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Old 03-21-2012, 10:03 AM   #41
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As for blame, chicken and the egg in many cases? I've known at least as many ungrateful entitlement minded employees as I have unreasonable self important bosses. And I still know more productive workers and competent caring bosses than their counterparts, though I'd have to agree the ungrateful & unreasonable seem to be gaining ground.
Maybe -- but I think back to my days as a software guy in the "mercenary" era of Silicon Valley in the late 1990s. The moment someone with a technical degree and a pulse sent their resume out they'd have several interviews and probably a few job offers with nice raises.

Yes, it was common for workers in that time and place to go "job hopping" to the highest bidder. But there was also more of a sense of giving a damn about doing a good job, about wanting to exceed your employer's expectations and helping them prosper. People felt like they were getting a good deal and were being treated and valued fairly. Today there's more of a sense that employers will crap on their workforce every chance they get because they have all the leverage and there aren't many options for labor but to suck it up and take it. Even companies posting record profits year after year are freezing wages, cutting benefits and exporting jobs. So there's less and less motivation to want to help your employer succeed -- and more on pure survival.

Frankly I remember waves of layoffs, freezing of pensions and watering down of benefits before it became common for workers to voluntarily leave good jobs for greener pastures. I know it's a matter of perspective but as I see it, employers fired the first shots in the "no loyalty" shootout.
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Old 03-21-2012, 10:08 AM   #42
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Experience, dependability, knowledge of company culture, a known quantity, solid known work record, and the list goes on.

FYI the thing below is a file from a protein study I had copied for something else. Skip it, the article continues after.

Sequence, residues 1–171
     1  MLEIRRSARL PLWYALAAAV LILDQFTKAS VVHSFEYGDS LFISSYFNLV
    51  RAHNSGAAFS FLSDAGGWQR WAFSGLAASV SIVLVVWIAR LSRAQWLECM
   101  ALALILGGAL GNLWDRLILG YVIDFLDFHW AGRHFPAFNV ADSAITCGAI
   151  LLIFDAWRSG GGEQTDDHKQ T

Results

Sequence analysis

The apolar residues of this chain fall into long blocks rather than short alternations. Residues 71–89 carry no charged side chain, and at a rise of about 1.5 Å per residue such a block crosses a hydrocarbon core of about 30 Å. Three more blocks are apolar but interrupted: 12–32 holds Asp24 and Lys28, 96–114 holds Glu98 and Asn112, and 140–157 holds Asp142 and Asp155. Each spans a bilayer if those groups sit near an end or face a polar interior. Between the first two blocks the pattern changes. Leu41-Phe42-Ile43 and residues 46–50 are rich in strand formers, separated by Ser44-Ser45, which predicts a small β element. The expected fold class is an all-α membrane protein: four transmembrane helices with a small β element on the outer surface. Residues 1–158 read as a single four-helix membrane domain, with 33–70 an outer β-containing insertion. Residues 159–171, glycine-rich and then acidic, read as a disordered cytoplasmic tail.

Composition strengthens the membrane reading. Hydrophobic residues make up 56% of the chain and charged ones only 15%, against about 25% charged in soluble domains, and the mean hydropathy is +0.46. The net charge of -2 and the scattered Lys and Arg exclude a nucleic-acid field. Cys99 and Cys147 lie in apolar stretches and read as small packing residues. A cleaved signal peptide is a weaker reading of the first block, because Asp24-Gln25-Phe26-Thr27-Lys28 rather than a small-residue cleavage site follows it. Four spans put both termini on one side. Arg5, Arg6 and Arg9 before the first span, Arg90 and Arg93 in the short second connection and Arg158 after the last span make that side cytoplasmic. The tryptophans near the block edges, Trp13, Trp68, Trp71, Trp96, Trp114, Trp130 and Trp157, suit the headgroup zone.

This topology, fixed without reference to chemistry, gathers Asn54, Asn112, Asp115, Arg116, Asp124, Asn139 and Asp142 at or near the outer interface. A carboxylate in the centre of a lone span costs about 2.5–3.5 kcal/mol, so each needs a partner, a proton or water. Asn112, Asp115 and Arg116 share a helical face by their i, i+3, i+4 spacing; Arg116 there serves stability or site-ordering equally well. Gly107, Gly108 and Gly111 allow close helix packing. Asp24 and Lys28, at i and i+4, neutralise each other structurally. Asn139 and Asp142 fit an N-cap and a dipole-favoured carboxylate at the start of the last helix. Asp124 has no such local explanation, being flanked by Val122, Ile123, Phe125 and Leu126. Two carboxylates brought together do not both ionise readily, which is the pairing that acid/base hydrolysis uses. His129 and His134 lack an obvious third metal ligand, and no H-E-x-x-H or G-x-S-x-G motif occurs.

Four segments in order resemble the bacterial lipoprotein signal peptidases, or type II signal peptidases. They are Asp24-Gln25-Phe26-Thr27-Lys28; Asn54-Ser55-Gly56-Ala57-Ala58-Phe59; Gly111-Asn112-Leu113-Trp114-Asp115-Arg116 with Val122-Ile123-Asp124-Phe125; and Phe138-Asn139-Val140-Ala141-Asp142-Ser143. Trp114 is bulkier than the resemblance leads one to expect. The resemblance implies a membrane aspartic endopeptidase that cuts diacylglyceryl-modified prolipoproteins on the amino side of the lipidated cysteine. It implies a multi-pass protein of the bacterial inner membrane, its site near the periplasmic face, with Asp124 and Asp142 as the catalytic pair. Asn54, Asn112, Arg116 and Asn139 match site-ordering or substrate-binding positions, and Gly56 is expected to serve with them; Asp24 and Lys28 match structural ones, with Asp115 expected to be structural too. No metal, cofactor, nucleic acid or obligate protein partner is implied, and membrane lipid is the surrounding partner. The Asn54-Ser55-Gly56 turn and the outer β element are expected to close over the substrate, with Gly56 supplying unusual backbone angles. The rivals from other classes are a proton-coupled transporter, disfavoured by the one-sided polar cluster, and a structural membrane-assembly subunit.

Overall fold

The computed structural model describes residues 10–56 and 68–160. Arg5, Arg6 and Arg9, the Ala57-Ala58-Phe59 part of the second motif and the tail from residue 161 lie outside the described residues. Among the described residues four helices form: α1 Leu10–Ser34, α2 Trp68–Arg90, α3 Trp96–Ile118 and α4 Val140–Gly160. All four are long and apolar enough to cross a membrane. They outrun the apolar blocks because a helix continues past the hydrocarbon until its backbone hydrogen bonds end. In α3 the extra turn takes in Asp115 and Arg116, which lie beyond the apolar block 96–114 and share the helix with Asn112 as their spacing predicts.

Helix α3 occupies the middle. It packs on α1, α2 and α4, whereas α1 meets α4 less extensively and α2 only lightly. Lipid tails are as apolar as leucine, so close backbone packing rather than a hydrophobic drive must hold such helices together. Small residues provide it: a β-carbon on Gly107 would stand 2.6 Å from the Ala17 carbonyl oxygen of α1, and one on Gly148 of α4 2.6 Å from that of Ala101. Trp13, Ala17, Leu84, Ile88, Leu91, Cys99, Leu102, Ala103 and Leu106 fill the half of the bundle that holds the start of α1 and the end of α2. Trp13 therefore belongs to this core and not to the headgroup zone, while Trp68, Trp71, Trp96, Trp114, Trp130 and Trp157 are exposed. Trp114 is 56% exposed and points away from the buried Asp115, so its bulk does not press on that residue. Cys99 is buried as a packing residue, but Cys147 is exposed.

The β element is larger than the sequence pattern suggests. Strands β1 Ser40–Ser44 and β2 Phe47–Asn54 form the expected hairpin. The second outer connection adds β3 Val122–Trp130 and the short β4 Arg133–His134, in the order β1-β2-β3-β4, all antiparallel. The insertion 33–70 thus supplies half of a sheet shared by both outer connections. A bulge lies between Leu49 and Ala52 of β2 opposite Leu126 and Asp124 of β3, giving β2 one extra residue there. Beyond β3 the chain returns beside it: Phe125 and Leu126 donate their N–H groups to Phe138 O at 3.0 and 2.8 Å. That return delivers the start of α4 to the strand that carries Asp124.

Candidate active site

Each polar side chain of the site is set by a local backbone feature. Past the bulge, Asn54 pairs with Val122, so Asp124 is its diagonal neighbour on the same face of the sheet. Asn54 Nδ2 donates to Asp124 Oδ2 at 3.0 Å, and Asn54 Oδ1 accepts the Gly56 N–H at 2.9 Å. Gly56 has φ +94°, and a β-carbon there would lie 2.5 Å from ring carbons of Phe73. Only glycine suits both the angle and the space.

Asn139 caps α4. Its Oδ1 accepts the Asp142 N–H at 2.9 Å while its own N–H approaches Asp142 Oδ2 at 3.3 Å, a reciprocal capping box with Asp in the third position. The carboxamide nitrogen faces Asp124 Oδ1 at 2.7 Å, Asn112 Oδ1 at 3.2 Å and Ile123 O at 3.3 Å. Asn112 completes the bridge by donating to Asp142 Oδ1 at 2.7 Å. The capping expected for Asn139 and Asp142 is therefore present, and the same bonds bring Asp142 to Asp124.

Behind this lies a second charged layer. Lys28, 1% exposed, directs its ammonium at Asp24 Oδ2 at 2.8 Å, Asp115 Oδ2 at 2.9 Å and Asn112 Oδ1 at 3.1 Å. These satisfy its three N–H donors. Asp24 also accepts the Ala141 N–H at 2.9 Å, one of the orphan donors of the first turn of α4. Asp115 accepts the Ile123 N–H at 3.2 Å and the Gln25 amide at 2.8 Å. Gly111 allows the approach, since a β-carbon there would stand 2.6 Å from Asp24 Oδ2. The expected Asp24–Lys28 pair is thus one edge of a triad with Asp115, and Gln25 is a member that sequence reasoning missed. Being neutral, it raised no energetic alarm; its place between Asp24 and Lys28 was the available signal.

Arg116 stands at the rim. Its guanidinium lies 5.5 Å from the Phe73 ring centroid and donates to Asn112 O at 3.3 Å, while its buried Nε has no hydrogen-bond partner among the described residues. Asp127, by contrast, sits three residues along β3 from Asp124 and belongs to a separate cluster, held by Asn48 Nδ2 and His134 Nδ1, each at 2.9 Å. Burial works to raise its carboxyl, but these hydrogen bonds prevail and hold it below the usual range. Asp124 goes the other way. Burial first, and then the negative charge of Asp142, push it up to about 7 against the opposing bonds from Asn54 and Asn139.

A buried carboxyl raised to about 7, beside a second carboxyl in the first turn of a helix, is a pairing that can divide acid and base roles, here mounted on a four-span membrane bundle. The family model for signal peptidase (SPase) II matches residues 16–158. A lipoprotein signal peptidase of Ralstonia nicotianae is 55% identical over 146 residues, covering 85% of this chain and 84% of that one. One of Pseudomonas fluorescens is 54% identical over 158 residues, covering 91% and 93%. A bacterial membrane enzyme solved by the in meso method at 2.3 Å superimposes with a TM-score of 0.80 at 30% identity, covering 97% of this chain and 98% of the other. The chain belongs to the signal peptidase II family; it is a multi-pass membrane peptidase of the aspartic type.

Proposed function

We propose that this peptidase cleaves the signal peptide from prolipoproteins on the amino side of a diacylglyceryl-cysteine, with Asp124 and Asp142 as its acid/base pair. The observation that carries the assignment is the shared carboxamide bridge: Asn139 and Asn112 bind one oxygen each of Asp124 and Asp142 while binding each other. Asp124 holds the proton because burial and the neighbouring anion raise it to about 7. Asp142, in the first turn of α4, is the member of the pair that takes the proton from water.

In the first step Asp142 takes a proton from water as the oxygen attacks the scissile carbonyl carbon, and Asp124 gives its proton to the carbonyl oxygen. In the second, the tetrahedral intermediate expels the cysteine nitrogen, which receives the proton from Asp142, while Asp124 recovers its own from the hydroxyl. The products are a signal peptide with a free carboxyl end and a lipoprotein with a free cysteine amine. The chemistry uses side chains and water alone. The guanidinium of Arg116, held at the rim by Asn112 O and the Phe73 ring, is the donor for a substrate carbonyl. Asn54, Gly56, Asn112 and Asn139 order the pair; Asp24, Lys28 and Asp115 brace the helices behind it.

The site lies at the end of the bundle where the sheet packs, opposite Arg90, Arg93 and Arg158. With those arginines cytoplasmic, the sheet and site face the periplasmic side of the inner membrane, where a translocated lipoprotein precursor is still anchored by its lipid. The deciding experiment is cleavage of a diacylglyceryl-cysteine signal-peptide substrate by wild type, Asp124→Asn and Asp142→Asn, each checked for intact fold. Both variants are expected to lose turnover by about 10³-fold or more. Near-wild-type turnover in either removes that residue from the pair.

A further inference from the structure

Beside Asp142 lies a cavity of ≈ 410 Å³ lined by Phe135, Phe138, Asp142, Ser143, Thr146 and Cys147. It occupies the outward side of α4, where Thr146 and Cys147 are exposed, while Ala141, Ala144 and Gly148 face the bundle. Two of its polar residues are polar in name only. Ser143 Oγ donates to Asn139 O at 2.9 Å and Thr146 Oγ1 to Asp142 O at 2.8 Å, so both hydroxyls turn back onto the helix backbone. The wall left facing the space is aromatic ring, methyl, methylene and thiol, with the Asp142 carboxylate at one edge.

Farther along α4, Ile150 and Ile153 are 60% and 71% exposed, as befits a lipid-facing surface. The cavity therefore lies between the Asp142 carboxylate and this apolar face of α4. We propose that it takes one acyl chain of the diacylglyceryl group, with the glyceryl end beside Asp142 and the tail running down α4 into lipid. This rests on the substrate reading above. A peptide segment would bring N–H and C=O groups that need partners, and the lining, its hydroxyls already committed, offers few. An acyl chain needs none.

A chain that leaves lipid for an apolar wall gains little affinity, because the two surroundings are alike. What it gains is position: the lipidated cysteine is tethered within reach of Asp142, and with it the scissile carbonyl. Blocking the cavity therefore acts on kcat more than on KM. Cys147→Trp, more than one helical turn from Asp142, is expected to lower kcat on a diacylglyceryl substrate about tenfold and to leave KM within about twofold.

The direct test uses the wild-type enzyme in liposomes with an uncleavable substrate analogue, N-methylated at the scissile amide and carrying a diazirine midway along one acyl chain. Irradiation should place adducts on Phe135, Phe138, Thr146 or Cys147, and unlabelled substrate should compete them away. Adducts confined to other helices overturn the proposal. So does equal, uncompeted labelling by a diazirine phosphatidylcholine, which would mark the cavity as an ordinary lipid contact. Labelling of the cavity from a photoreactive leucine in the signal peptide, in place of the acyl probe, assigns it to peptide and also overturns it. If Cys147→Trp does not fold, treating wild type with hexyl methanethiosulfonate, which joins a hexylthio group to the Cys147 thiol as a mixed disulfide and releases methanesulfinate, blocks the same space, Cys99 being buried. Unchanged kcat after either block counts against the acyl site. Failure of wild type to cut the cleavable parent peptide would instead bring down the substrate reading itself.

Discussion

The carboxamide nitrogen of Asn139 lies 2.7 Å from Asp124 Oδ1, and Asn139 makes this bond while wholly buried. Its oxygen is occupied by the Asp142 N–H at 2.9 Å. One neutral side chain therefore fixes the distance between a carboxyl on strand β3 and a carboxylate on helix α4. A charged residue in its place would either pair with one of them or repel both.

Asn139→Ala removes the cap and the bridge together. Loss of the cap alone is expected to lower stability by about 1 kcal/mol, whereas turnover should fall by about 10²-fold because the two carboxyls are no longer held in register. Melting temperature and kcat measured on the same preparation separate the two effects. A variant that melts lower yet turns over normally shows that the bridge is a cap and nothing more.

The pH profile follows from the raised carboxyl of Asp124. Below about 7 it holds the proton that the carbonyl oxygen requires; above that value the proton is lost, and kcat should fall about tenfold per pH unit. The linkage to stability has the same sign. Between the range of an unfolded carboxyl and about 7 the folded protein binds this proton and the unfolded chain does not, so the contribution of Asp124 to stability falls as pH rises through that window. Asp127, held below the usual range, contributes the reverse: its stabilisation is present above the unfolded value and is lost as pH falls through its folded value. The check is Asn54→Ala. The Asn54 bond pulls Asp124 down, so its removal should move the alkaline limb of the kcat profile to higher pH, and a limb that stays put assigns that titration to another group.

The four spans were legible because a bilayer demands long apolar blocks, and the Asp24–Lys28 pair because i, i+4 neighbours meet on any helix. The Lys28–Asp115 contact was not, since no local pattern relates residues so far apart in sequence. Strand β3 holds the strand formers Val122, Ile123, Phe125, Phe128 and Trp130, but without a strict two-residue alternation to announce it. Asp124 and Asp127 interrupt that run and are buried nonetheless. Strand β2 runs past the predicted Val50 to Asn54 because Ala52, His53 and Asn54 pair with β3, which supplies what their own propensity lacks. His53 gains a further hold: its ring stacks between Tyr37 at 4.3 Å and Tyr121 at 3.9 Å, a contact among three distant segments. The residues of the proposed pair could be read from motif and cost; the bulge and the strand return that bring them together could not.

Perhaps your friends' experience differs...but I think there are plenty of reasons to hire older workers or keeping them.
I agree, but in a market and and era where the mantra is "burn them out and discard them," better to find someone with more energy, more tolerance for BS and less of a learned cynicism about the relationship between employer and employee. Many people with a lot of experience feel like they have already paid their dues, that they no longer have to endure a bunch of crap just to get the experience. Young and eager folks who need the experience on their resume will endure an awful lot of BS and abuse to get it. And today's employers are more than willing to dish out huge quantities of BS and abuse.
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"Hey, for every ten dollars, that's another hour that I have to be in the work place. That's an hour of my life. And my life is a very finite thing. I have only 'x' number of hours left before I'm dead. So how do I want to use these hours of my life? Do I want to use them just spending it on more crap and more stuff, or do I want to start getting a handle on it and using my life more intelligently?" -- Joe Dominguez (1938 - 1997)